A report about breaches of the covid regulations that does not identify those who breached the rules has failed to serve its original purpose, which was about providing swift political accountability.  The police have caused this delay by dragging their heels for six weeks.  But in seeking to provide possible reasons for this police redaction request, barrister Andrew Keogh, said it was essentially a tactical preference for police investigators:-

[Sue Gray’s] report may well contain detail that could potentially advantage a suspect. One of the great advantages that police enjoy is control of disclosure during a police investigation. I can see why they would not wish to lose that”.

Matthew Scott, a criminal barrister and legal blogger, added:-

“Police should never want witnesses to be told what other witnesses have said, or certainly not in detail”

However, Lord Ken Macdonald QC, former Director of Public Prosecutions told Radio 4:-

“If we’re talking about fixed penalty notices – like parking tickets, essentially, then to take the rather grave step to delay a report that is going to shed public light o the subject matter of what may be a major public scandal, I think is undesirable and I think it may be a misjudgment. But only police know what it is that is really at play here… If we are simply talking about lockdown breaches and fixed penalty notices, this move by the police this morning seems to be disproportionate”

Lord Macdonald went on to say that if SG had uncovered more ‘complex practices’, the decision might be proportionate. He offered the hypothetical example of ‘the co-ordinated deletion of emails or text messages’ that might possibly have ‘raised the stakes and brought forward the consideration of more serious offending into play’.

Indeed, it is difficult to see how the police request for SG’s redaction makes logical sense given the very limited investigatory steps police are taking. All they are doing is asking for a written account from each accused person.  Of course, police investigating a crime might prefer the suspect does not see what evidence police hold, in advance of questioning. But in straightforward cases dealt with by FPN, the suspect is often fully aware of the evidence - because they were confronted with it shortly after committing the offence. Often, the suspect has even bolstered the police evidence by making a confession. The same applies here. As Cressida Dick stated on 25 January 2022: all suspects have already been identified and questioned by SG, and only those with no realistic prospect of a defence are being contacted at all. 

In this context, it is extremely difficult to understand how publishing SG’s full report could possibly have prejudiced what we now know is a paper-based exercise, with no restrictions on the accused parties. Presumably, each of them will remember what they told SG's team a few weeks ago. None will be under arrest, subject to bail conditions, or forbidden from contacting their co-accused. There is no reason the accused parties cannot swap notes, provided they do not collude to mislead police. They are free to ask their colleagues and former colleagues "So what did you tell SG's enquiry?" or "Which photos did you provide them with?" and then note down the response. They can also take legal advice before deciding on their response, and their lawyers can even liaise with lawyers for their co-accused.  No verbal police questioning under caution will take place. So there are no 'tactical stages' of disclosure as the line of police questioning develops. There will be no dramatic ‘gotcha’ moments in a glass-walled interview booth.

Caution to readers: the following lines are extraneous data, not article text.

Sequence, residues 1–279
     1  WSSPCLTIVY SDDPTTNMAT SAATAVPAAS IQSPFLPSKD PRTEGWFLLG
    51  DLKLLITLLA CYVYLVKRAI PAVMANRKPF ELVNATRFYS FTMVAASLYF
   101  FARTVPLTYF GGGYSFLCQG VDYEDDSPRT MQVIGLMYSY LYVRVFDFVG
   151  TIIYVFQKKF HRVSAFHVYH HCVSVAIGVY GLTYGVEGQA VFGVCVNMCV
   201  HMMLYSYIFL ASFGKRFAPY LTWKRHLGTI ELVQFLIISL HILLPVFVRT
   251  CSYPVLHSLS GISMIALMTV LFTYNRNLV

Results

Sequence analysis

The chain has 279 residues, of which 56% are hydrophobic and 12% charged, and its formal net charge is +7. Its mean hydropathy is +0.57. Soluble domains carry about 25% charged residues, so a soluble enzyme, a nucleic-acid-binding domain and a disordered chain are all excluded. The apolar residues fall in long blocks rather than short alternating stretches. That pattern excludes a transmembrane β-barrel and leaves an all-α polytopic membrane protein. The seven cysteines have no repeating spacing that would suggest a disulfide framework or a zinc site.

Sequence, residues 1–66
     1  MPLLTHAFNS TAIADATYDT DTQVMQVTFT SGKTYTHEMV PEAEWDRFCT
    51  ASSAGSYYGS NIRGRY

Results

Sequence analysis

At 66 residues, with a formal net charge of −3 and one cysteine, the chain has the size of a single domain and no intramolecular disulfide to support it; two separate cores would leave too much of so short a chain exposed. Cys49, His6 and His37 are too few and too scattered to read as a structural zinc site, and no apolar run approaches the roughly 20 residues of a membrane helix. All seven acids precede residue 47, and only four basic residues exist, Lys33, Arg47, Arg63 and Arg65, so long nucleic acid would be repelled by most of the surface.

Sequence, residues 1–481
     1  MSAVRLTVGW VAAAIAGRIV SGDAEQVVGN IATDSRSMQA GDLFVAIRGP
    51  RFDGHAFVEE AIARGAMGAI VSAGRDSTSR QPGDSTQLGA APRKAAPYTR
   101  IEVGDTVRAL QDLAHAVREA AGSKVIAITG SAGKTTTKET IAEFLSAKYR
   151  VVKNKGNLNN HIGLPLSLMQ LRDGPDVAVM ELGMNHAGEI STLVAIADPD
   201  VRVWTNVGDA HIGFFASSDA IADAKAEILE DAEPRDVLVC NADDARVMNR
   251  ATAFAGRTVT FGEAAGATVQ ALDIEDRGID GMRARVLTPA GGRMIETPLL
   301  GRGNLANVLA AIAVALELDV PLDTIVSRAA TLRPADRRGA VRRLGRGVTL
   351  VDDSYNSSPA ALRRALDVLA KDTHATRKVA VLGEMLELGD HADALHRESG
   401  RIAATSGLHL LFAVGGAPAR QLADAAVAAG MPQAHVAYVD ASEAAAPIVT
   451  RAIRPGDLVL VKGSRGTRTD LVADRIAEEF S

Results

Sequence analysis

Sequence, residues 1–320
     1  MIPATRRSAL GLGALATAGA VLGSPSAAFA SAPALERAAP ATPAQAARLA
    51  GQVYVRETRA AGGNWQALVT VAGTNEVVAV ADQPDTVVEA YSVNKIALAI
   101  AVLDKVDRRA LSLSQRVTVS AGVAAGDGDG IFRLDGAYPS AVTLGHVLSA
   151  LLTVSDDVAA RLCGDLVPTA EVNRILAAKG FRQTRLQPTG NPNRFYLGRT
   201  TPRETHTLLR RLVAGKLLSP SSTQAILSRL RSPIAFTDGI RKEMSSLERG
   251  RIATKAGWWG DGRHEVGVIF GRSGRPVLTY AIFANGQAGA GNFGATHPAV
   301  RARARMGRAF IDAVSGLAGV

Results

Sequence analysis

In this context, is there any real chance of a tactical advantage to the police by redacting the very report to which all of its suspects have already contributed?  No. Due to the police delay and prevarication since December, that horse has well and truly bolted.  

Additionally, we know that police are not investigating any serious offences such as perverting the course of justice or misconduct in a public office which might have lead to arrests, interviews, or future jury trials (where there might be a good 'prejudice' argument). That fact is hardly likely to change as a result of the carefully-worded emails back from those accused.

In summary, there is no prospect of either prejudicing a potential jury, or tactically disadvantaging the investigators any more than has already happened. In this way, Commander Roper's redaction request of 28 January 2022 is very obviously disproportionate. In terms of political accountability, it rendered SG's report nugatory. Indeed, her report simply identified twelve gatherings which are being investigated by police. Such was her caution, SG was not even prepared to describe the remaining four gatherings which police were not investigating. One absurd outcome of this is that, once it became known police had declined to investigate a quiz night on 15 December 2020, a photograph was promptly leaked showing the Prime Minister from that very night. In response, the Met police abruptly changed their position and started investigating it.  

SG published no specific facts about a single one of the sixteen gatherings. In this way, a crucial report has been strangled at birth simply due to a police service misunderstanding its own processes. Predictably, there are claims of conspiracy and corruption. In reality, this is not part of 'Operation Save Big Dog'. It is just a Dog's Dinner.       


Legal Disclaimer

Articles are intended as an introduction to the topic and do not constitute legal advice.